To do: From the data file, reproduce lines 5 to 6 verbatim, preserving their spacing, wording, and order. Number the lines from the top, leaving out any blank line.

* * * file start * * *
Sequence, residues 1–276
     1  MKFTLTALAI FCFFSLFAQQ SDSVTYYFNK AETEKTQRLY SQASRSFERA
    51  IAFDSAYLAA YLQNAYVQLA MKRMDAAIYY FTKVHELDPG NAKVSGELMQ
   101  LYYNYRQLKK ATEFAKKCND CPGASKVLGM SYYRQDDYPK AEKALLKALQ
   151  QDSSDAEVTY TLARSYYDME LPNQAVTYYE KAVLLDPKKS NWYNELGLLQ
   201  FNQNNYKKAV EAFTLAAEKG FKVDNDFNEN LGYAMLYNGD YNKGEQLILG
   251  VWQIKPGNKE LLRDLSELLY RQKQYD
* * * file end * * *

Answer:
   151  QDSSDAEVTY TLARSYYDME LPNQAVTYYE KAVLLDPKKS NWYNELGLLQ
   201  FNQNNYKKAV EAFTLAAEKG FKVDNDFNEN LGYAMLYNGD YNKGEQLILG